If body roll on your Tamiya Ferrari FXX is a problem, handling can be improved with the use of stabilizers, anti roll or sway bars, stiffer tuning springs and, or, thicker silicone oil in the dampers.

Ball Bearings
   If your used Tamiya Touring Car comes with plastic and sintered brass bushings (ring type bearings), check the shafts that run in them for wear. Dust and grit can get into these bearings and abrade the shafts. Therefore, you should replace them all with shielded ball bearings. If the model has been run with ring type bearings, you may have to change all the axles and driveshafts. For more information, take a look at my article, How to get the best from your Bearings.

   Finally, good luck with your Ferrari FXX model and good racing.


For More on how to Setup your Touring Car, check out my Hints and Tips page.














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General Information and Advice

   For those starting in Radio Controlled Racing, here are a few Hints and Tips: Firstly, buy a Kit not an RTR. That way, if something breaks you will have some idea how to fix it.

   Radio Controlled Model Cars are very fragile and easily broken. The main parts to protect are the Front Wishbones, Suspension Shock Towers, Dampers, Hub Carriers, Kingpins, Uprights and Toe in Blocks, so make sure you have a good strong front bumper and Lexan or Hard Plastic Body Shell and if available for your model, a protective under tray, to prevent grit and dust getting into any moving parts.

   The Steering Servo is also a weakness in high speed crash situations, so get yourself some good strong Servo Mount and Servo Saver. Also I would recommend Titanium Shafts, Turnbuckles, Tie Rods and pivot/steering shafts and if available for your model, lightweight Titanium Drive shafts, dog bones and CVD (Constant Velocity Drives). The standard steel types are far too easily bent.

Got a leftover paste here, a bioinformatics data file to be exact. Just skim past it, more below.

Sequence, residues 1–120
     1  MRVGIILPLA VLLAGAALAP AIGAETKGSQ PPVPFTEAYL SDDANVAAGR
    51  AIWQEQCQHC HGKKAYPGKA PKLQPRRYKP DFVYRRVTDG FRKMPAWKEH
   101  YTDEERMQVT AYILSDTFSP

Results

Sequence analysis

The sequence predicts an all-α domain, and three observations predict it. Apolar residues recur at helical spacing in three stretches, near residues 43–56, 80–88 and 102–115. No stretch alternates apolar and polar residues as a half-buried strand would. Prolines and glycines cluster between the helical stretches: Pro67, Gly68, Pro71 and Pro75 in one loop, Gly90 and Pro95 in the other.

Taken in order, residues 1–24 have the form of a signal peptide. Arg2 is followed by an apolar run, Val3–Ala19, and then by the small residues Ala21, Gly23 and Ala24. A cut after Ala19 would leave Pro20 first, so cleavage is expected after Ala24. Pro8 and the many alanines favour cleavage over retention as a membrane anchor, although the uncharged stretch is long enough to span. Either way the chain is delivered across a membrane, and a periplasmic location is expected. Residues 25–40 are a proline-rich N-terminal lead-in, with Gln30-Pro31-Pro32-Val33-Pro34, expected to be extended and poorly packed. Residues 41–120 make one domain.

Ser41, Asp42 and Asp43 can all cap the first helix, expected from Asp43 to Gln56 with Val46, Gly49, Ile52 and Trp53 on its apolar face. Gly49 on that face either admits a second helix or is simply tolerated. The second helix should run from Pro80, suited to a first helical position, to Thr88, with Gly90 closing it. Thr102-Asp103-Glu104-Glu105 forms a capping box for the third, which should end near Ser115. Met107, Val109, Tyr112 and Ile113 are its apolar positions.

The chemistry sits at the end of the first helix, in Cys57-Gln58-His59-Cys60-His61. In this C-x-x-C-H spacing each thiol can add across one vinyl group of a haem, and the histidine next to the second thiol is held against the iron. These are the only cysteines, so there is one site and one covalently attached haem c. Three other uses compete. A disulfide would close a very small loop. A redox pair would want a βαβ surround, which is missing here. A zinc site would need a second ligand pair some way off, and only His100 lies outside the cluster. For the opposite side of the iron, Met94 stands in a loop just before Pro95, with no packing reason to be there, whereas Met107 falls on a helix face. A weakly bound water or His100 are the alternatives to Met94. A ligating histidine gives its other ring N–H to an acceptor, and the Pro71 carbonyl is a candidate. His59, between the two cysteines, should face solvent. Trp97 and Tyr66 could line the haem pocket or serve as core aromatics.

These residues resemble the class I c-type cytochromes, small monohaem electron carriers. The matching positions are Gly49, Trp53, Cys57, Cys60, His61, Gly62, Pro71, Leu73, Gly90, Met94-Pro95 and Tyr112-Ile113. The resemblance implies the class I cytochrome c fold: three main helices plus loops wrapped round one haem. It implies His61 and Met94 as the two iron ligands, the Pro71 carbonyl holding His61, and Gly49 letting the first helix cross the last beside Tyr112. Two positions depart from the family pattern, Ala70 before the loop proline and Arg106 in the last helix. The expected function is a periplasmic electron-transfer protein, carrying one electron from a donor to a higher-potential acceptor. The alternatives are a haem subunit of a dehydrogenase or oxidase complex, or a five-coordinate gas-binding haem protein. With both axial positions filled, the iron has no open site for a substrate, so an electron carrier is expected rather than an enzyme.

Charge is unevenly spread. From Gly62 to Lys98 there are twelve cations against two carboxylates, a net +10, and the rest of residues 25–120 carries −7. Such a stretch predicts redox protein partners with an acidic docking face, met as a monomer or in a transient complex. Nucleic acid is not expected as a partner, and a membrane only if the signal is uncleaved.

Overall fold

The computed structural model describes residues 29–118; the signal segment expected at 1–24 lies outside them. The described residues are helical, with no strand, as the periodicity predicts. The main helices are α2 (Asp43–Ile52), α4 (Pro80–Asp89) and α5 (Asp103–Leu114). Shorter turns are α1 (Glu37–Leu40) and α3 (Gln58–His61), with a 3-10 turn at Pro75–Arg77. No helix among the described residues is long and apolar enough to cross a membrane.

Gearing is another problem area on RC model cars. Head on collisions can easily break off gear teeth on Nylon/Plastic Spur Gears and even Bevel Gears inside the Gearbox. Heavy impacts can also loosen nuts and self taping screws that hold the Motor in Position, allowing the Pinion Gear to pull out of mesh slightly and rip the tops of the teeth on your Spur Gear. To avoid this to some degree, fit locking nuts and a new motor mount from time to time, so the self taping screws that hold the motor in position have less chance to come loose.

   Ball joints always cause problems. For top level Radio Controlled model car racing, the plastic ball connectors should be checked and if deemed necessary changed after every meeting. A simple thing like a loose fitting connector breaking free could easily end your race, so better safe than sorry.

   Many New car kits come with Nylon and Sintered Brass Ring type bearings. My advice is to discard these before initial installation and buy a good Hop-up set of Shielded Steel Ball Bearings. Or if you are serious about your racing, Teflon or Ceramic Bearings.

   One final piece of advice about the Setup of your Car. Keep the Centre of Gravity as low as possible. Ride Height is all important. For On Road Drift/Touring cars the Ride Height should be no more than 5mm, for Buggys, Trucks, Truggys and Monster Trucks, as low as possible depending on the track conditions. If Body Roll is a problem, handling can be improved with the use of Stabilizers, Anti roll or Sway Bars, stiffer Tuning Springs and, or thicker Silicon Oil in the Dampers. Also find somewhere to mount the Transponder as low in the Chassis as possible.